Algal Blooms and Cyanobacteria2021-02-09T13:46:09-05:00


Algal Bloom and Cyanobacteria

The pond is currently safe for swimming and boating. We keep a very close eye on the water quality of the pond water because in 2016 there was a potentially toxic algal bloom. The pond in 2016 was literally pea soup green with mats of vegetation forming across the surface.  It was so thick that you could see less than two feet down into the water, unlike the usual four and a half feet during a normal summer.

First slide Sullivan powerpoint

Kristy Sullivan’s Powerpoint presentation

This summer (2020) OPET joined the Association to Preserve Cape Cod (APCC) cyanobacteria monitoring program that tests ponds across the Cape. The APCC tests the pond every two weeks from May to October.  We get the results within 24 hours.  We took this extra step of testing the pond so we can be certain that the pond is safe.

A study found that the 2016 bloom could have been toxic. Kristy Sullivan, a Wheaton College undergraduate, studied the algal bloom for her project in the Semester in Environmental Science program at the Marine Biological Laboratory.  She found five types of freshwater algae growing in the pond samples including the cyanobacteria Microcystis and Aphanocapsa. Both of these can produce microcystin, a toxin that can cause nausea, vomiting, paralysis and acute liver failure in large doses or with long term exposure. We don’t know if the bloom ever reached toxic levels, but we are glad we took the precaution of warning the public to avoid contact with the water in September 2016. Of particular concern is that it appears Microcystis overwinters in the sediment. If we have the same conditions as that summer, we might experience another bloom.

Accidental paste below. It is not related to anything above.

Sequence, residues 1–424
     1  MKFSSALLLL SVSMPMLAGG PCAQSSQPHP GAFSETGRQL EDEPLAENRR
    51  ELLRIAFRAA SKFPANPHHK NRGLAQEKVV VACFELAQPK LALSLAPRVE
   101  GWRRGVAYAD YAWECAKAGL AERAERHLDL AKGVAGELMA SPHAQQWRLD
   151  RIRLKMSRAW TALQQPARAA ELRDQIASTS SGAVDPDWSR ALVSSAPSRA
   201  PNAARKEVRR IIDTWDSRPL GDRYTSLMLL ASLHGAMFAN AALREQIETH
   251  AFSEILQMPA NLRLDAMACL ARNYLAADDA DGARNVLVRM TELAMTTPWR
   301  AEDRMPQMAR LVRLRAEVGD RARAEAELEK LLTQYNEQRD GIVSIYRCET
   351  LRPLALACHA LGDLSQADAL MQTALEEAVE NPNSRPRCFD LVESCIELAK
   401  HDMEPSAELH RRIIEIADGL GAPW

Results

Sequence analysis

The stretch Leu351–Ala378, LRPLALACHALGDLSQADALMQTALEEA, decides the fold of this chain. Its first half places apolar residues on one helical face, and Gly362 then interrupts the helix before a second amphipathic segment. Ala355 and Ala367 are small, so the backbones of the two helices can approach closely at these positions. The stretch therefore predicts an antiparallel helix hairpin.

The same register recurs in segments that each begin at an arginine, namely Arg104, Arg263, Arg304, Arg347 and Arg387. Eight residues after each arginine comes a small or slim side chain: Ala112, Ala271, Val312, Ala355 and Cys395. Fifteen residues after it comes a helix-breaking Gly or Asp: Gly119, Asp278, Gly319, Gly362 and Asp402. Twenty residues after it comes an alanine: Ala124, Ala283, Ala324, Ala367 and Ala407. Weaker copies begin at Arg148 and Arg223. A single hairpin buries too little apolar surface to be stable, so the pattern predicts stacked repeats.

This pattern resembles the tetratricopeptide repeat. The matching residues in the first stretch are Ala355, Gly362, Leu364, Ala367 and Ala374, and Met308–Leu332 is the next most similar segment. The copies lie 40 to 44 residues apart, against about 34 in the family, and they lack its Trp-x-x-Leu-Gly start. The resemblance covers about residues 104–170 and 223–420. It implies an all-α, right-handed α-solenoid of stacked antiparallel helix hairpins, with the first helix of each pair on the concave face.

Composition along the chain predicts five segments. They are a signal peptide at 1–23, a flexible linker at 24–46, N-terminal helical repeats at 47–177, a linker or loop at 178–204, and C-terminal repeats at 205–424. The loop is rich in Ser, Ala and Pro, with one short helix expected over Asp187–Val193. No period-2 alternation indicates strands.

It must be stressed that cyanobacteria are a natural and an important part of a pond’s ecosystem. These bacteria are the base of the food web for ponds. If the testing finds a problem, we will notify you immediately.

In the summer of 2016 there was little to no rain due to a severe drought.  The exchange with Vineyard Sound was slow because phragmites plants had gradually grown into the Trunk River.  Plus, the Lagoon was full of dead eelgrass.  As a result, the water in the pond became less salty and stagnant.  The hot sun evaporated the pond water and concentrated the nutrients in the pond.  The bloom was made of freshwater algae species and that is why we are constantly monitoring the salinity of the pond.  During the bloom the salinity had dropped to 0.9 ppt.  We manage the pond to be between 2ppt and 4ppt (In contrast, Vineyard Sound’s salinity is 32 ppt).

There is only one way to increase the pond’s salinity and that is by opening up the passageway from Oyster Pond through the Lagoon to Trunk River and into Vineyard Sound.   Any blockage in this complex chain prevents the salt water from flowing in and stagnant pond water from flowing out. OPET has worked with the Town since 2016 to keep this passage way open with dredging Trunk River, removing eel grass from the Lagoon and removing boards at the weir if needed.  It is all a balancing act.

Pond Algal Conditions and Updates

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